In June of 2016, a “one in a thousand year event” dumped more than 9 inches of rainfall in less than 12 hours on Greenbrier County, West Virginia.

Since that day, families have worked with state agencies, churches and organizations to rebuild damaged houses, and in July, First Presbyterian Church of South Boston partnered with United Methodist Committee on Relief or UMCOR to finish restoration of one such home in Rainelle.

Rainelle is a town in the western corner of Greenbrier County.

Pastor Russell Lee, his son, Matthew, and his wife, Teresa Lee, Wayne and Donna Davis of Louisa, Kim Albert of South Boston, coordinator of mission trips with First Presbyterian, Loretta Brown, formerly of South Boston, Robert Guthrie of South Boston and Larry McPeters of South Boston all joined together to spend July 28 to Aug. 3 putting a roof and other finishing touches on a home for a family of four with two children under the age of 5.

Before the flood hit, Albert said the couple was in the process of finalizing the purchase of their home, and after the state of emergency was issued, the father, a National’s Guardsman, was called away.

Their soon-to-be home became filled with water to the ceiling, said Albert.

“He was hoping to do a lot of repairs himself, but he keeps getting deployed to other disasters. He was very excited to have people come in and get it done,” added Albert.

It was equally exciting for the mission group, as this was going to be the first time in several years they were able to bring a house to completion, according to the mission’s coordinator.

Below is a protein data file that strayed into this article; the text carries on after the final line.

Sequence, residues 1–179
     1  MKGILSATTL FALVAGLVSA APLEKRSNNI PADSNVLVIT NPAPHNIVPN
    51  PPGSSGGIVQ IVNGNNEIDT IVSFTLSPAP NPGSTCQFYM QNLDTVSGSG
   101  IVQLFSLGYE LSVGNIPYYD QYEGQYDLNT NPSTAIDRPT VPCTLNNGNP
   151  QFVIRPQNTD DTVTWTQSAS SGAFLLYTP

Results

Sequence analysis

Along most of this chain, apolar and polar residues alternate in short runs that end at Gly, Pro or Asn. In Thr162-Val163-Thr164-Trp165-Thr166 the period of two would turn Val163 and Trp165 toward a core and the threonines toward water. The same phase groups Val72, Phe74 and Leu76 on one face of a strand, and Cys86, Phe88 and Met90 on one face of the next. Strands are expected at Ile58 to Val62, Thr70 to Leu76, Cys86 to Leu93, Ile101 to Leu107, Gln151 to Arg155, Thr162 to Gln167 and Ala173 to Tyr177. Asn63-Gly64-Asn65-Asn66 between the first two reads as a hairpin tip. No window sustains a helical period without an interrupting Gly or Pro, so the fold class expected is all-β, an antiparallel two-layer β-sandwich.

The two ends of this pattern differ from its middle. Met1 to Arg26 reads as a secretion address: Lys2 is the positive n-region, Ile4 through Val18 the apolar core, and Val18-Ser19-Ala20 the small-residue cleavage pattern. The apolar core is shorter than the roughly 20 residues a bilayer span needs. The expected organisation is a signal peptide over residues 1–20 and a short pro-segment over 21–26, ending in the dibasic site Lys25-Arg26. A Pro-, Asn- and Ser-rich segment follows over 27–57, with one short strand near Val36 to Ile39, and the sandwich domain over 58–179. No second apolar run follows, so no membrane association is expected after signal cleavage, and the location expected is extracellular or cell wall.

Members with First Presbyterian have been working on houses since Hurricane Katrina and hadn’t completed a home since their time working in New Orleans.

They worked with First Presbyterian Church in New Orleans for three years.

“This year was a little different,” said Albert, who said some of the team had worked with UMCOR in the past, and “they knew our skills and abilities.”

This year the mission team was told to “put a roof on this house and do whatever else it takes, because the family needs to move in this weekend.”

And that’s what they did.

Often starting work before 8 a.m., and sometimes working into the evenings, the men and women worked to put on a tin roof, molding, finish the plumbing in the kitchen and even designed the couple’s kitchen counter top.

The counter top near the kitchen sink was going to have to be custom ordered with a delivery time of four months away, according to Albert.

Their supervisor asked for them to put in something temporary, and Albert said, “They liked it so much, we fixed it as permanent.”

That was one of several times throughout the week the family visited the home as their bedrooms were mostly complete, and they had begun moving in.

The children even got to play for a while on their trampoline and on the back porch with their new puppy, said Albert.

The parents, she said, were overwhelmed with emotion over the idea that strangers wanted to do this for them.

“The last night before we left, their parents encouraged (the children) to give us a hug, and they did. They were sweet, well-mannered little children and a nice young couple. We were so happy to be able to help them,” said Albert.

For several who helped with this trip, this was their vacation time from work. But Albert said they were happy to do it.

“It’s what God calls us to do,” she concluded.

Ashley Hodge reports for The Gazette-Virginian. Contact her at

Ashley Hodge is a staff writer for The Gazette-Virginian. Contact her at